> point it could be seeing cooked input from a multi-
> language keyboard system, the result of a fancy voice
> recognition system or even the interpretation of some
> touch tones over the phone line. On the other hand,
> the toy piano app I mentioned above would be driven
> by virtual keyboard scancodes. In the same way, a
> program that needs gestures could get them from
> a filter on the mouse or from a VR glove, while a
> paint program might prefer to see mouse events
> directly (not really, but you get the idea).
> Extending Squeak with remote "hands", MIDI,
> future facial expression recognition from video
> and so on will become ever more difficult unless
> something like I suggested is implemented.
> ----------------------------------------------------------------
> and here were my replies to some comments on the idea:
> ----------------------------------------------------------------
> "Ted K." <tedk at wdi.disney.com> wrote:
> > > [event graph idea]
> > I too have been feeling the need for something
> > like this.  Any ideas on how to keep from computing
> > the whole graph for each event?
> This is only a problem for the "push" arcs of the
> graph, not the "pull" ones. My solution would have
> a filter (pushInput/pushOutput kind of component)
> disconnect from its input (unsubscribe) whenever
> it had nobody linked to its output and reconnect
> (subscribe) when a new customer arrived. I think
> that this (and what you describe below) would avoid
> having events flow though any more of the graph
> than strictly necessary.
> Buffers are a problem (push/pull kind of objects)
> because they stay subscribed and grabbing events all the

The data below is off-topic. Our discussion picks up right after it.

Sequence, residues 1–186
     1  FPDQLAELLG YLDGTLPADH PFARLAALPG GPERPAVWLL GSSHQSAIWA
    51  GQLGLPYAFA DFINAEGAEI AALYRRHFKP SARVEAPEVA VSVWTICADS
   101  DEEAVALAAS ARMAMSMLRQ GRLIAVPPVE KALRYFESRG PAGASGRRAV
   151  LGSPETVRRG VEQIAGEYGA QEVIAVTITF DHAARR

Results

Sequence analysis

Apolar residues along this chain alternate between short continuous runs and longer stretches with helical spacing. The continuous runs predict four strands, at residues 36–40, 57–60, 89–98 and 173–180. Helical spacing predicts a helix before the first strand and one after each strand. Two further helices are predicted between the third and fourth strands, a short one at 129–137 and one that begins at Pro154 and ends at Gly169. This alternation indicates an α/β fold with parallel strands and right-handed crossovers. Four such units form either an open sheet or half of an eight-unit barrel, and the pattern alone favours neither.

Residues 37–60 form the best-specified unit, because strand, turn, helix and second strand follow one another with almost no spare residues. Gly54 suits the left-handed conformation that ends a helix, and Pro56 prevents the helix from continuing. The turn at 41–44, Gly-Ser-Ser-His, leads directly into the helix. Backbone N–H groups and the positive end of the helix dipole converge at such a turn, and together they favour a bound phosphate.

> time, but I don't think anything can be done except not
> putting them where they are not really needed.
> > I picture the panes of a browser attaching and detatching
> > themselves from the keyboard input pipe as
> > you move the mouse over them.
> That is the idea. It might be best not to take this
> too far, however. Windows could work like this and
> yet have a single "demux" object distribute the
> events among the subpanes (or submorphs). This would
> be a pull/push object - what I have called a "pump".
> This scheme has the advantage of being compatible with
> a lot of existing code.
> ----------------------------------------------------------------

This looks like it has merit, but seems a little vague.  Can someone give me
an event-by-even, object-by-object contrived scenario that illustates how
these push-pull buffers/pumps might work.   From the description, I'm not
certain whether graph nodes are objects like keyboard and mouse, or event
queues of some sort.

> > Why is Self 4.0-compatibility important?  If you understand clearly and
> > completely what you are doing by creating tinySelf, then realize
> > and forget everything else for now.
> It is certainly easier to not worry about compatibility. But is the
> Self 4.0 ports to the PC (or Java) work out, it might be worth the
> trouble. An advantage in doing these things in Self 4 is that they
> can be developed in parallel with tinySelf (not really an adavantage
> if I do everything myself, of course).
> > I want simplicity (a few broadly applied patterns), clarity, and
> > >From these, we build the rest.  From these, also, we build and
> > compartmentalize our Self 4.0-compatibility, if desired.
> The Self motto is "the power of simplicity", after all!

Didn't I see someone else on the Web working on a Squeak implementation of
Self?  A company I think.